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Untitled Docume Editor’s Note: Sheryl Borden, recently retired marketing director for the KENW Broadcast Center on the campus of Eastern New Mexico University, was featured on the cover of the spring 2017 issue of CHOICES magazine.

 

 

The article is reprinted by permission.

Sheryl Borden Choices 2017

SHERYL BORDEN

An Interview

 

by Judi Moreo

 


For over 40 years, Sheryl Borden has produced and hosted the popular how-to show on PBS called "Creative Living with Sheryl Borden." "Yet," she says, "it seems like just yesterday when we started the show." When Sheryl Borden finished her bachelor’s and master’s degrees in Home Economics and Education (now called Family and Consumer Science), she had no idea she would ever work on a national television program production. Today, the Eastern New Mexico University graduate is producer/host of one of public television's most popular and longest running "how-to" shows. "Creative Living with Sheryl Borden" will begin the show's 41st year and is listed on Wikipedia as one of the longest running shows on television! The series, produced by KENW-TV, the public television station which broadcasts from facilities on the ENMU campus in Portales, New Mexico, is carried on more than 118 PBS stations in the United States, Canada, Guam and Puerto Rico. All show segments are produced in high definition, with captioning for the hearing impaired as well as descriptive video.

Sheryl, herself, is very creative and has abundant energy.  She maintains a beautiful balance of personal and family life, productive professional career and active community service, with more time than most for new ventures. "Creative Living with Sheryl Borden" continues to attract guests from all walks of life and from all parts of the country. Viewers often comment that "meeting these guests via their television" has opened a new world for them. Besides offering current, informative topics, career opportunities are often featured which appeal to persons interested in changing jobs or to those just entering the job market. As a guest on Sheryl's show numerous times, I have always been amazed at how down to earth and warm she is as well as being one of the best interviewers I have ever worked with.

 

In addition, Sheryl Borden is a busy wife, with three grown children and two grandchildren, and she knows the importance of applying to her own life the organizational principles
she preaches. She is very involved in several local civic clubs, served as president of the Chamber of Commerce Board of Directors (for two terms), as well as being a past state president of her sorority. Professional associations include membership in Altrusa International where she served as Governor of a 4-State District and General Federation of Women's Clubs.

Sheryl has been honored by the New Mexico Family and Consumer Science Association as "Friend of the Family," an award that is presented periodically for outstanding service to the family unit. She also received the "Warm Heart of the Sunbelt" award from the Chamber of Commerce in recognition of her community volunteerism and longevity of service; was selected the recipient of the prestigious Governor's Award for Outstanding New Mexico Women; was named among the Outstanding Young Women in American Colleges and Universities; was featured in the New Mexico Business Journal as one of the "10 Best Dressed Businesswomen in New Mexico.”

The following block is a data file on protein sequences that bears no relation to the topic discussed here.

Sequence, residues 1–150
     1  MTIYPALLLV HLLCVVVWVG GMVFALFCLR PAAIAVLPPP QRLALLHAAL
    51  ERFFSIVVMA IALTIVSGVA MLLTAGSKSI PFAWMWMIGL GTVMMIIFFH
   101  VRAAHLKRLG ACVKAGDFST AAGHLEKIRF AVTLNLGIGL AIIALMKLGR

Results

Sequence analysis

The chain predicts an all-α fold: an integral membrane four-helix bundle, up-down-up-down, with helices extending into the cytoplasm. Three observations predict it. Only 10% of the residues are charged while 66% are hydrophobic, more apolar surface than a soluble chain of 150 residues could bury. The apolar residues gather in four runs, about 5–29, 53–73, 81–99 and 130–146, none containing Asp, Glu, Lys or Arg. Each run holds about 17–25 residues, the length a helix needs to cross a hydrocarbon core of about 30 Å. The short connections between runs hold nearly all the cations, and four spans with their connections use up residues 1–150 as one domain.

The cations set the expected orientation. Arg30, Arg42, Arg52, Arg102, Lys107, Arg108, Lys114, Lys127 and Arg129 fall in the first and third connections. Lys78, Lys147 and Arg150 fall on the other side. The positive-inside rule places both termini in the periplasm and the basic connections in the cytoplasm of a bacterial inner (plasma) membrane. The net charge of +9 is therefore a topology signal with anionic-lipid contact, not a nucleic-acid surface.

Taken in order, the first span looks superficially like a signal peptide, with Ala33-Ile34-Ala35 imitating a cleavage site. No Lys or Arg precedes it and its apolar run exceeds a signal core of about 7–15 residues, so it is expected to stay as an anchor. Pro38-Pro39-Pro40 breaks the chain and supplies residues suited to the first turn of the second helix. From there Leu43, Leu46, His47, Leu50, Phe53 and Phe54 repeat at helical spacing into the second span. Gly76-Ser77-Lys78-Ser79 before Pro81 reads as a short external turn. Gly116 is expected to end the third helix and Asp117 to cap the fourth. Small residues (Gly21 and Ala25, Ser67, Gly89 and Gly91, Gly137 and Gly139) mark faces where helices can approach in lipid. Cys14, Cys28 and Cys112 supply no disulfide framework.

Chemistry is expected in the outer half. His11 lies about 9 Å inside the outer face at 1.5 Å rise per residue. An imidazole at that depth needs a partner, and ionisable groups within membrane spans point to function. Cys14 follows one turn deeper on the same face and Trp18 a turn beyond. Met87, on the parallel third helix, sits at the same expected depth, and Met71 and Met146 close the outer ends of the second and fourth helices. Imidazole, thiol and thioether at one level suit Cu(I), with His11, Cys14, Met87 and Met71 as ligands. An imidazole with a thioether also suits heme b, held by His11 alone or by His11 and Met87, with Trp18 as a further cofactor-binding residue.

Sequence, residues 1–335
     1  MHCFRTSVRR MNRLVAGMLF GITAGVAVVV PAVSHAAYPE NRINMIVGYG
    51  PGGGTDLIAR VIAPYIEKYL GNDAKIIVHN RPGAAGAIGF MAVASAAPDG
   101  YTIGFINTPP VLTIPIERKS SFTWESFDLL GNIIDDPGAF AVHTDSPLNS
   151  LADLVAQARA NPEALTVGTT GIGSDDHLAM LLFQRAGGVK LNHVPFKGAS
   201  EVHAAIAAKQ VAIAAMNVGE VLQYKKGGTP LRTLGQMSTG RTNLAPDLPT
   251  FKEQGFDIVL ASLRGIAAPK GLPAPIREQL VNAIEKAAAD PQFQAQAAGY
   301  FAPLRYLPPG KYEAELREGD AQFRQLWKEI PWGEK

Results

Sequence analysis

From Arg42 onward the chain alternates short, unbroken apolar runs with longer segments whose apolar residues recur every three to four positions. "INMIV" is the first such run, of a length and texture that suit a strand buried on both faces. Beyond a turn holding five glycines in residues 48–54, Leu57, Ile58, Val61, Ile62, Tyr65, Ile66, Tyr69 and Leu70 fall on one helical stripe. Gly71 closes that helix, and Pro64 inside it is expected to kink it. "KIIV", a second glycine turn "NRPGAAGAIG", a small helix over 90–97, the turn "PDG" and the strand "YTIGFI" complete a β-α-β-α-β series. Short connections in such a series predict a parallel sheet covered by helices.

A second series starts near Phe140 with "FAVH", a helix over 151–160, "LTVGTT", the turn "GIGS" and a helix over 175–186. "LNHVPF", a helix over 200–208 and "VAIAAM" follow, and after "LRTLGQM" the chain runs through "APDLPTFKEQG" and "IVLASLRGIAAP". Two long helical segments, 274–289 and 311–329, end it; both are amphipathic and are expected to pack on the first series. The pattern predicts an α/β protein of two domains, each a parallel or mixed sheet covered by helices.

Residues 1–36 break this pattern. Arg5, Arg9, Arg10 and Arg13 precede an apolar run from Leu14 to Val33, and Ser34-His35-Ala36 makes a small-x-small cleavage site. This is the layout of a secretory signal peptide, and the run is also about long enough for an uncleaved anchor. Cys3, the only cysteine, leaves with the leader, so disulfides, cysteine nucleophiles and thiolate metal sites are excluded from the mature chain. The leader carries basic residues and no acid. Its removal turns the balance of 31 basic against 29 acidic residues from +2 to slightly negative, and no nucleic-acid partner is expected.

She has served as a spokesperson for several national businesses and regularly presents speeches, seminars and workshops for both adults and youth groups. The saying: "If you want something done right, ask a busy person to do it," certainly applies to Sheryl Borden. She enjoys the challenge of producing and hosting "Creative Living with Sheryl Borden" and enjoys hearing from viewers about the show. Fan e-mail confirms that "Creative Living with Sheryl Borden" meets the needs of today's active and involved families. Hopefully, it will continue to do so for many years to come.
I recently had the opportunity to spend a couple of days in Portales, New Mexico, appear on four of Sheryl's shows, and spend time with her. While there, I asked her the following
questions.

 

How did your career as a television personality begin?

When I finished my bachelor's degree from Eastern New Mexico University, Portales, New Mexico, in 1968, I was hired by New Mexico State University's Cooperative Extension Service to work as Extension Home Economist for Roosevelt County. During the time I was employed, I started working on my masters' degree and met Don Criss, who had just returned to ENMU from Odessa, Texas, where he had been working in commercial television. Don was taking a class where he needed to direct a 15-minute television show and since I presented live programs for clubs, classes, and other groups, we teamed up to fulfill his
class requirement. Although there was not a television station in Portales at that time, we taped the 15-minute shows in the Home Economics Department building on the campus of ENMU. The show was called "You Should Know." Don directed and taped the show, and I was host and demonstrator. The show was black and white and aired on closed circuit television - and probably not watched by anyone except our families and Don's instructor! (And, he made an "A" by the way!)This experience opened up an entirely new and exciting field for me. I had given birth to my oldest son in 1970 and decided to stay at home for a
while with him. When I did decide to go back to work, KENW had been built on the campus, and Duane Ryan was (and still is) the Director of Broadcasting and Don Criss was Director of Production. I approached Mr. Ryan about doing a 30-minute television show geared to women on various aspects of home economics - clothing, foods, fashion, health, child care, and much more. He was always receptive to my ideas, but simply did not have the money to pay me. I continued to come up with new ideas every two or three months, and he finally agreed to hire me part-time to produce and host a show we called "The Creative Woman." Rather than me doing the demos, I invited experts and representatives to come to Portales to tape shows with me and I interviewed them.